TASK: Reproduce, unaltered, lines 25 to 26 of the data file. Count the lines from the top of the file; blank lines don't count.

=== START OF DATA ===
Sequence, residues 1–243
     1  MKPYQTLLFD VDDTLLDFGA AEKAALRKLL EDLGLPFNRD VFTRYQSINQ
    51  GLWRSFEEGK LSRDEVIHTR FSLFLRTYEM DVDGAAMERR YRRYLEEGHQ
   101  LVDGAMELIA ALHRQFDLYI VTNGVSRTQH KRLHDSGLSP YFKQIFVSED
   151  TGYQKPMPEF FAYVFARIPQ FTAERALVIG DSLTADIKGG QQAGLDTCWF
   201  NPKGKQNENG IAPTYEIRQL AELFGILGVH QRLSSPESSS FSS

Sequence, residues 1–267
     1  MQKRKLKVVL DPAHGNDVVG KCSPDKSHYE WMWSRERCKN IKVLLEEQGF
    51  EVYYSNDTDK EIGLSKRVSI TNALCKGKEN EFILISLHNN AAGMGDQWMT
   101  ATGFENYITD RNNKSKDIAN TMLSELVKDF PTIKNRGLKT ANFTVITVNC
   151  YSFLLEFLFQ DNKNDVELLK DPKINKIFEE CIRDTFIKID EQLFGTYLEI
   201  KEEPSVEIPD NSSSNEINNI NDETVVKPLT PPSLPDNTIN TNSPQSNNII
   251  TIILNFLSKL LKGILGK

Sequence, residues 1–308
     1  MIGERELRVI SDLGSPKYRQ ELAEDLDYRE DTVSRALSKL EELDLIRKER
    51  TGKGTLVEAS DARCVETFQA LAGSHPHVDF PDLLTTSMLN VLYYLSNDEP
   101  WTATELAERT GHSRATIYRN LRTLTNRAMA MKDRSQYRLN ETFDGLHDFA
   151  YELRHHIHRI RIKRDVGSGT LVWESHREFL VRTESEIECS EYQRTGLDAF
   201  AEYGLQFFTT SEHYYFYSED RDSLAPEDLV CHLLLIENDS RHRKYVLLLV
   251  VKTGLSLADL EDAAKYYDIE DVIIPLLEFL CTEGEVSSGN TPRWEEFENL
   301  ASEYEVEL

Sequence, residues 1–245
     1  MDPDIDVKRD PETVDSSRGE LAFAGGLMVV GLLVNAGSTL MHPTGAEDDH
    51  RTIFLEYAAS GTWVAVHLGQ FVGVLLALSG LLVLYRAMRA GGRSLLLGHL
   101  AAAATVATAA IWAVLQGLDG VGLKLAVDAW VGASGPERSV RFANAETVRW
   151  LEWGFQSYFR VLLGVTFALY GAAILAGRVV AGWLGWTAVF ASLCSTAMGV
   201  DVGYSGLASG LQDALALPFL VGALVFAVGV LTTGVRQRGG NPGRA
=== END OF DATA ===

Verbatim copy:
   101  AAAATVATAA IWAVLQGLDG VGLKLAVDAW VGASGPERSV RFANAETVRW
   151  LEWGFQSYFR VLLGVTFALY GAAILAGRVV AGWLGWTAVF ASLCSTAMGV